NASA’s Perseverance rover has been on Mars for several months and has been busy but hasn’t done any real scientific work. The rover has been documenting test flights and acting as a communications base station for the spectacularly successful Ingenuity Mars Helicopter.
NASA has granted Perseverance permission to conduct some basic scientific operations in its immediate vicinity.
Perseverance recently studied rocks in its immediate vicinity with its high-resolution camera and laser. The rocks were always meant to be studied by the rover because its landing site, known as Jezero Crater, is thought to have been a lake in the distant past. If the theories that the location was once a lake are correct, it could have been home to life of some kind.
Scientists may be able to learn more about whether or not life existed on the planet’s surface in the distant past by studying the rocks that surround the crater. One of the key questions that scientists working on missions with the rover want to answer is whether the rocks are sedimentary or igneous.
Mars Has Sedimentary Rocks
Sedimentary rocks, such as sandstone, can form in the presence of water and contain internal fragments such as sand, silt, and clay that preserve biosignatures. Volcanic activity creates igneous rocks.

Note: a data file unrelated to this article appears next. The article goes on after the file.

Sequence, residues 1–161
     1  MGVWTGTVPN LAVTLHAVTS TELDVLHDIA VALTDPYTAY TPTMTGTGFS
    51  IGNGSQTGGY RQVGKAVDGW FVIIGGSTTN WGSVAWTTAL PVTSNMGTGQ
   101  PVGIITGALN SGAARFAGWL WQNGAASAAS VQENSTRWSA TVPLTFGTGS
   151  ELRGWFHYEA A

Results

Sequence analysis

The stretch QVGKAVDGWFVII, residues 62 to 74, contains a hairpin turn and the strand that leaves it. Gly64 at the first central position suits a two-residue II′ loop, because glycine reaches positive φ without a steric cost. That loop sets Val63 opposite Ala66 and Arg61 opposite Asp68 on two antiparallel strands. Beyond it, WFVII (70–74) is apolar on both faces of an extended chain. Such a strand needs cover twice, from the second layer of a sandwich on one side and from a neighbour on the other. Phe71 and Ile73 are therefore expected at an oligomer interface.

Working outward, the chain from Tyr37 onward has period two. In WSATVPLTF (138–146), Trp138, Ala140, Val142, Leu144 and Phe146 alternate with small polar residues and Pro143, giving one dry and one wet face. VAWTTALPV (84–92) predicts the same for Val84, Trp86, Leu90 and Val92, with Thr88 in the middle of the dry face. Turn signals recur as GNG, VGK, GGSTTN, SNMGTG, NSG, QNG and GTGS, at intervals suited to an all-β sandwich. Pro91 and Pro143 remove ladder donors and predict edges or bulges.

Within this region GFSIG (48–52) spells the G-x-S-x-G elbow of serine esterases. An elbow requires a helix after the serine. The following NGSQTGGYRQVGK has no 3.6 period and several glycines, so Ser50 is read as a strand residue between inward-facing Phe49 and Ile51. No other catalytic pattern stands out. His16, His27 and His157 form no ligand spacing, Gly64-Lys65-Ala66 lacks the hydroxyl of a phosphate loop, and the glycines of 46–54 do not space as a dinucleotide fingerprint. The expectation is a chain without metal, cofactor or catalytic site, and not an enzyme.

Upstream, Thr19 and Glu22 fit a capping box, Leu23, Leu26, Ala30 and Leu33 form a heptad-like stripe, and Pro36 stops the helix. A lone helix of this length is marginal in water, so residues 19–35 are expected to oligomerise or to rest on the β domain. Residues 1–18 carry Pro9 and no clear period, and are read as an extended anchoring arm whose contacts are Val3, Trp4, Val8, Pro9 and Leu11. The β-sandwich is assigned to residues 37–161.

Sedimentary rocks are excellent for looking for evidence of ancient life. Scientists studying the Earth are well aware that sandstone, in particular, contains a wealth of information about long-extinct species. If the rocks are igneous, however, they are unlikely to contain any evidence of ancient life.
During its mission on Mars, Perseverance will investigate a wide range of rock types. The rover will move around the crater, studying various types of rock in the hopes of learning as much as possible about Mars.
The SuperCam, which sits atop the car-sized Perseverance rover (like a crow’s nest on a ship), fires a powerful laser to identify the composition of rocks and, ultimately, the most interesting places to visit. As previously reported by Mashable,